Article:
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Proud to Be an OkieCultural Politics, Country Music, and Migration to Southern California$
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Peter La Chapelle

Print publication date: 2007

Print ISBN-13: 9780520248885

Published to California Scholarship Online: May 2012

DOI: 10.1525/california/9780520248885.001.0001

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Ballads for the Crabgrass Frontier

Ballads for the Crabgrass Frontier

Suburbanization, Whiteness, and the Unmaking of Okie Musical Ethnicity

(p.113) 4 Ballads for the Crabgrass Frontier
Proud to Be an Okie

Peter La Chapelle

University of California Press

This chapter argues that pressure to fit in was an important impetus for the rightward turn in country music. Consumers, sponsors, and musical producers strived in the mid- to late 1950s to rehabilitate local country music's hayseed image and disassociate the genre from the Depression-era anti-Okie campaign and its lingering stigma by downplaying working-class and Okie identity, discouraging liberal-populist political dissent and stressing how elements of the music culture could convey social status. While this muzzled some performers, it also provided room for a small group of wealthy, well-connected performers—especially some of the 1930s cinematic singing cowboys—to come to the forefront and present themselves as antielitist spokesmen for a new, conservative cultural populism.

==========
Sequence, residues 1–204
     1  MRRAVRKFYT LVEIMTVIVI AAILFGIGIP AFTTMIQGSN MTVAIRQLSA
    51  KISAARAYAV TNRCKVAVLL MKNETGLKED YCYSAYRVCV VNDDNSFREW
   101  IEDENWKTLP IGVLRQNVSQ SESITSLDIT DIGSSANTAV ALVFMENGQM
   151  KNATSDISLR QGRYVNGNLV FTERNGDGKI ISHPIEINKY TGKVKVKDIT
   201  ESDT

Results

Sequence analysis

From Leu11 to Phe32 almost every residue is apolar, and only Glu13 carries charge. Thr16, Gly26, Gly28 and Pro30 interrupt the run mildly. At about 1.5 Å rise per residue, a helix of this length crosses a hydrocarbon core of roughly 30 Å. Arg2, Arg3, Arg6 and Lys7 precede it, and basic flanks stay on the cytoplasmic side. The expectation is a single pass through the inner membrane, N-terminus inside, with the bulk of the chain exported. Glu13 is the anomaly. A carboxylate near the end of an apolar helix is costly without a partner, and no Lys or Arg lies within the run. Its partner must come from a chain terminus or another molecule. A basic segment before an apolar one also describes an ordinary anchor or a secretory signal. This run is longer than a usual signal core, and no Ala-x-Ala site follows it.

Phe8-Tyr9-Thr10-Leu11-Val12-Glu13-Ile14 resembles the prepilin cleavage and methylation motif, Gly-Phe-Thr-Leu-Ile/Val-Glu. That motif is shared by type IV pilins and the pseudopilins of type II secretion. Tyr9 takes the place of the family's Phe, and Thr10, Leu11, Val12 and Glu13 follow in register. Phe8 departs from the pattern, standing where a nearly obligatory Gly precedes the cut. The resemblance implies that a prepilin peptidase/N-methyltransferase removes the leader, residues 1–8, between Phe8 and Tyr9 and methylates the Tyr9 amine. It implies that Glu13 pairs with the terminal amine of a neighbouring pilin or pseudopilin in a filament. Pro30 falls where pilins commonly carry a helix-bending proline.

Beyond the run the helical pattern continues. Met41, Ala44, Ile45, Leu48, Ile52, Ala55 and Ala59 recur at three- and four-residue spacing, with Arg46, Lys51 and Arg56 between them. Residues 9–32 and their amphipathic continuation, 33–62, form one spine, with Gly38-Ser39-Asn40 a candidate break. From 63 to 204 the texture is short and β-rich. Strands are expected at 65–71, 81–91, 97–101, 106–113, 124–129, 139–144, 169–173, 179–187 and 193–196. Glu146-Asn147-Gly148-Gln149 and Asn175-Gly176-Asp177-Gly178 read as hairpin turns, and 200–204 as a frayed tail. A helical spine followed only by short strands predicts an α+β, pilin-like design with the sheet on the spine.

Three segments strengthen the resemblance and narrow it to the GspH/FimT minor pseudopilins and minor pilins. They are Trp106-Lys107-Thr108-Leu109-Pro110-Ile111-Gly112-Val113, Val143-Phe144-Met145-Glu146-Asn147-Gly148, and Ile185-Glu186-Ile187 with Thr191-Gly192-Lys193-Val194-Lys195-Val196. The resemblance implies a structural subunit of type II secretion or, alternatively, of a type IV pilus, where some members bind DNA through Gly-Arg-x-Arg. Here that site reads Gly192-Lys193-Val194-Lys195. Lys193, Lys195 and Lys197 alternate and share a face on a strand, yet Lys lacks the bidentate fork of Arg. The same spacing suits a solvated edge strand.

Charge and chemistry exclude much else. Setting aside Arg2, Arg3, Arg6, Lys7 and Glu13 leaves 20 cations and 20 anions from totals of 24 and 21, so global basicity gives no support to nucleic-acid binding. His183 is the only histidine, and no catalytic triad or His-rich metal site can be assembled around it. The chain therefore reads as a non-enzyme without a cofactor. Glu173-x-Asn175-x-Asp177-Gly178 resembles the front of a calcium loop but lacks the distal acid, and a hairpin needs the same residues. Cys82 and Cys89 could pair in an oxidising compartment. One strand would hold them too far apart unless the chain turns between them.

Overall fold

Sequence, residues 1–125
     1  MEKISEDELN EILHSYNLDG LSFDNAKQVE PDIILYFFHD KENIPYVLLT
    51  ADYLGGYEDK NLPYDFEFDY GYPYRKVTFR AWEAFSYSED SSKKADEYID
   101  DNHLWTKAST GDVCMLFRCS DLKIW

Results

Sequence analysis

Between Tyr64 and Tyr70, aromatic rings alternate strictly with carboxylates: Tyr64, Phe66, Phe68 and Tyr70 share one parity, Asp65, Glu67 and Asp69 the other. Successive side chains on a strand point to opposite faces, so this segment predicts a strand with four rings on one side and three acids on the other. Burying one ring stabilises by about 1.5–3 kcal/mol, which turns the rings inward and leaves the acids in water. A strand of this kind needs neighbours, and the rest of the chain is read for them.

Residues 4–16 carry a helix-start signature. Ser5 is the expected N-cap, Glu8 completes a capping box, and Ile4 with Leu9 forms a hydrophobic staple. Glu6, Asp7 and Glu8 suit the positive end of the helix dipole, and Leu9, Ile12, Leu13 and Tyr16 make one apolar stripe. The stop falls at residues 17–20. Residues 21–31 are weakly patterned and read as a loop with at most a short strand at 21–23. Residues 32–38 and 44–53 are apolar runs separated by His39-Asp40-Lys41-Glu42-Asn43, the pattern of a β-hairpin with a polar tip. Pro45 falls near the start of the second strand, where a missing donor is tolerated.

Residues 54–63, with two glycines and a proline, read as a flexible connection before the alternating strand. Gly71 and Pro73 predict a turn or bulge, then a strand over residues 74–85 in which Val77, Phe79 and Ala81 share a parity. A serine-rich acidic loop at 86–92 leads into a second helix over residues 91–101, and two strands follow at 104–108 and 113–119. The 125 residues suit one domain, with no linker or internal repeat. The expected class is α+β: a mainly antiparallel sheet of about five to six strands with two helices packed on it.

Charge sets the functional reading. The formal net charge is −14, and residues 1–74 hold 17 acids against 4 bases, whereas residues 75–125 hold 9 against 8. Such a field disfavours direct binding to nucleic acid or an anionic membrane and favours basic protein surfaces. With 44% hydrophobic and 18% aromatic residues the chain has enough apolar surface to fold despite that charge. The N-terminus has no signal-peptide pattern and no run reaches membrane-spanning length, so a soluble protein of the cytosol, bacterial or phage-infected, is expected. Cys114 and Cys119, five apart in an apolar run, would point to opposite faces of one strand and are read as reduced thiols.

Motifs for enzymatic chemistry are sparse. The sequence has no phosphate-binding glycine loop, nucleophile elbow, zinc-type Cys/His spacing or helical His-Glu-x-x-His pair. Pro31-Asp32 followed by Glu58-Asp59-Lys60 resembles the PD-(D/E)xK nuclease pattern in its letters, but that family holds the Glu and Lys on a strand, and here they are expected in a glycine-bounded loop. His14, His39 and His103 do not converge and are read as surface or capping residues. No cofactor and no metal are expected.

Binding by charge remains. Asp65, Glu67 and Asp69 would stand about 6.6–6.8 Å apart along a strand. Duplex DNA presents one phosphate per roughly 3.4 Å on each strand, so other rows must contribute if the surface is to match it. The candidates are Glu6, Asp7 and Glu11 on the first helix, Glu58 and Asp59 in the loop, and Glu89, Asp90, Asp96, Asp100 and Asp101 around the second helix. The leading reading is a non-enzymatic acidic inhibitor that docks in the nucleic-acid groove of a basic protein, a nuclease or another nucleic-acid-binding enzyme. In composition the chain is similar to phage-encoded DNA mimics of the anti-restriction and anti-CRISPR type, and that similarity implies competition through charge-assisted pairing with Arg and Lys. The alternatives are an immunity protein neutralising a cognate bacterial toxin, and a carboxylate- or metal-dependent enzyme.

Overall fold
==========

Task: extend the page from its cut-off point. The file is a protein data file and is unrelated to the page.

Keywords:   musical producers, country music, Okie identity, music culture, social status, cultural populism

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